WESTFIELD – During a discussion on the back to school plan and winter sports at the Jan. 4 Westfield School Committee meeting, Public Health Director Joseph Rouse and Superintendent Stefan Czaporowski said it was a good decision to postpone the phased return of students until Jan. 19. The School Committee will convene a special meeting on Jan. 14 at 5 p.m. to vote on whether to continue with that plan.
“Today, we were informed about 14 additional positive COVID cases in students or staff in the last 10 days,” said Czaporowski, adding that the district has now had 87 staff and studentscases since the opening of school Sept. 14.
“Back in December, we had a little bit of a scare in the high school which prompted some thought and further analysis of what’s going on in the schools,” Rouse said.
Rouse said he asked the superintendent at that time to take a little break because they were starting to see a trend. “We used to go days at a time without seeing any student cases. Back in mid-December we were noticing an every day trend of cases. Not only that, but the daily caseload of students was starting to get higher and higher. It was logical at that point to take a little break,” Rouse said.
“I said let us try to control this rather than it controlling us,” Rouse added, saying they had the advantage of a break coming up, and projections of numbers going up after the holidays. He said he is just now seeing the spike in numbers from Christmas gatherings.
The number of cases in Westfield as a whole this week are higher than they’ve ever been. Rouse said if they had not gone ahead and been as cautious as they had, he would have made the recommendation on Monday to shut down in person learning.
However, Rouse said things could change quickly, and he is still hopeful that the schools will be able to return in hybrid phases on Jan. 19.
School Committee member Diane Mayhew then asked Rouse what were his recommendations about winter sports and tryouts, some of which are scheduled to start before Jan. 19.
“I’m going to be very blunt with that. I’m against it. When I’m talking about numbers and student populations, the list is from Westfield High School, Westfield High School, Westfield High School. The kids aren’t even in school and they’re still transmitting. The only way that can happen is from extra-curricular activities,” Rouse said.
“From a health perspective, I love sports and I think the kids need it, but I don’t think the kids need it right now. The reality of the world we live in right now is that youth sports are quite indulgent,” Rouse added.
Mayhew said parents have told her they are concerned about starting tryouts next week.
Committee member Cindy Sullivan said there are still students participating in travel sports and captain’s practices are happening. “I was in complete agreement with not going back until Jan. 19. My concern is maybe not starting Jan. 11, but if we take it off the table completely, kids will still be playing sports. I understand what the fears are, but in the time of COVID, if we take everything away from kids, they’ll find a way to get together, and it will be worse for us. This is a decision none of us want to be making. Sports is something kids value that’s good for them, and good for their mental health. I don’t think we should make a decision tonight about sports. I’m hoping we can get the kids back on Jan. 19,” Sullivan said.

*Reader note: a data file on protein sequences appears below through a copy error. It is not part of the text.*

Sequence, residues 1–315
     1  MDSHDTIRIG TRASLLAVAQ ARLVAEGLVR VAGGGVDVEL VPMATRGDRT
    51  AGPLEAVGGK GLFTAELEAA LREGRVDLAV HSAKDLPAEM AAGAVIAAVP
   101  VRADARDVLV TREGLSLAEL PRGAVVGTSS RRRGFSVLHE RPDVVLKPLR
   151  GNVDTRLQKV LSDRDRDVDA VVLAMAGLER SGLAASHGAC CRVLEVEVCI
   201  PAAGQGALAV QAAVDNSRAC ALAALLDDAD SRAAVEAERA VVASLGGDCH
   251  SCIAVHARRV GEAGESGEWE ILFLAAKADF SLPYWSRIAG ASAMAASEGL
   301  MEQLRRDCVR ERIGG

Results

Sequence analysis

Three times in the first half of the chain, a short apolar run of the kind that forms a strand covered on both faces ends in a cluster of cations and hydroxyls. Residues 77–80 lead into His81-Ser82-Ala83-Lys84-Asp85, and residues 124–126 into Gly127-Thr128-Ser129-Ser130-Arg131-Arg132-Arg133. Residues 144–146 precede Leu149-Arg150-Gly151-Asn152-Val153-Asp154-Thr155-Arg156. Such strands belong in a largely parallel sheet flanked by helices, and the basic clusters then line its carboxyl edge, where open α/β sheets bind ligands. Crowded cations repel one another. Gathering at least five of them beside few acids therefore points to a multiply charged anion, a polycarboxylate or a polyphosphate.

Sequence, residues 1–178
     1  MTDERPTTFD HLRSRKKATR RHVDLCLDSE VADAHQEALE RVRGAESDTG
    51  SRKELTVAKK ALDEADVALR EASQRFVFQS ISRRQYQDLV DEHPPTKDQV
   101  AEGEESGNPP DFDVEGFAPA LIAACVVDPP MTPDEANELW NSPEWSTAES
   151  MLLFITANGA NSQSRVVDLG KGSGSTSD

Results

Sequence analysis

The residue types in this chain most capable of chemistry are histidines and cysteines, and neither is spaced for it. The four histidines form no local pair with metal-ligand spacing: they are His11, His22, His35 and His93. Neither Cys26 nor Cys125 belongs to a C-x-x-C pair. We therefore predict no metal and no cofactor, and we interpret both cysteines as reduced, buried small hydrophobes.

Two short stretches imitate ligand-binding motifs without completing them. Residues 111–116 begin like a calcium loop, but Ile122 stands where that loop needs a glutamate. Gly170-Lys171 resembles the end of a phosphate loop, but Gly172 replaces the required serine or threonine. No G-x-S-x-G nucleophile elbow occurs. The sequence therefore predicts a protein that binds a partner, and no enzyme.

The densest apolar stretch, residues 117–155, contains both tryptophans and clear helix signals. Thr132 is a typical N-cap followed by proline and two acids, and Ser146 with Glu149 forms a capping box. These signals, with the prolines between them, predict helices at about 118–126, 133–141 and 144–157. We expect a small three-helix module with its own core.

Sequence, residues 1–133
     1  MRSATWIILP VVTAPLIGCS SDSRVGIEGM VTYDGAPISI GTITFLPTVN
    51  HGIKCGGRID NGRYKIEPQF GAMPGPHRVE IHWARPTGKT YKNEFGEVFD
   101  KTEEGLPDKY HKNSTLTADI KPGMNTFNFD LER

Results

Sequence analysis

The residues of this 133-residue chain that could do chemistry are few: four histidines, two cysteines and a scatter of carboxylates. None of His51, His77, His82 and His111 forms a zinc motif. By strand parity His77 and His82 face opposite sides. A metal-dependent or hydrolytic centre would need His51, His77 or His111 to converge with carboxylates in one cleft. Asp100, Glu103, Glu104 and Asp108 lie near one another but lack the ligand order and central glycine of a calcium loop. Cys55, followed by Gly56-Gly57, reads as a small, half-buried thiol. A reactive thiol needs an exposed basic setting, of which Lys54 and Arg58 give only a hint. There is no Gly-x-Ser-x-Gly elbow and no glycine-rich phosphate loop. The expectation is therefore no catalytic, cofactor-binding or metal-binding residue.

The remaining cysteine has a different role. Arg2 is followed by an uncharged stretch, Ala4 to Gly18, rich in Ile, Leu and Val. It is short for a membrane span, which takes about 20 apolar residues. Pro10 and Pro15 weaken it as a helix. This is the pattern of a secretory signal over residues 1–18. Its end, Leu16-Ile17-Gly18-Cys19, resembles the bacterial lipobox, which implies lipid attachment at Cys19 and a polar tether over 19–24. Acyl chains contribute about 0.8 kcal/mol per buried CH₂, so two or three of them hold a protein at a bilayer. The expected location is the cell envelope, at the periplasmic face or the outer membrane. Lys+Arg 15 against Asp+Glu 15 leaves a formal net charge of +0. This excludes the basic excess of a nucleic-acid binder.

Rouse said he totally agreed, and it was with a sad heart that he had to make the statement about youth sports, because he didn’t know what he would have done in high school without football and baseball. He said he was seeing complacency in society as a whole, and he needs more reassurance that these activities are going to be done responsibly.
“I have to tell you what I need to tell you from my professional opinion. The gauge I would use right now is where we’re at right now,” Rouse said.
“In the fall, we weren’t talking about the same numbers either. We have to make the decision on what’s in our control, what’s prevalent right now. I think it’s prudent if we’re not letting the kids back in the school, why would we have the kids back (for sports). If we’re back on Jan. 19, then why not wait,” said Committee member Ramon Diaz Jr.
Czaporowski said they have allowed tryouts with other districts, because the expectation or hope is that they would have sports. “If we don’t have tryouts, they wouldn’t be able to participate in winter sports at all. I’ve been assured by [Athletic Director Ryan] Dunphy that coaches are following the guidelines,” he said, adding that MIAA guidelines are quite stringent. “If we stop tryouts with other districts, those students will lose those opportunities. I try to operate on as many opportunities for students as possible, even in pandemic times,” he said.
Several school committee members agreed that tryouts should be allowed, but expressed alarm that there are captain’s practices going on. Czaporowski said these practices are being held outside of school hours and supervision, and they have no authority to stop them.
“Coaches know if there are captain’s practices. If we all know as adults that it’s going on, there has to be consequences for poor decisions. Let’s just nip this,” said Committee member Heather Sullivan.
“The parents need to hear loud and clear that they shouldn’t be doing it,” agreed Cindy Sullivan.
Czaporowski said he would invite Dunphy to the Jan. 14 meeting for the discussion. A motion was then made and voted to suspend winter sports until the School Committee meets again on Jan. 14, but to allow co-op agreements to move forward with tryouts, and allow tryouts as determined by the athletic director and cohorts to begin on Jan. 11.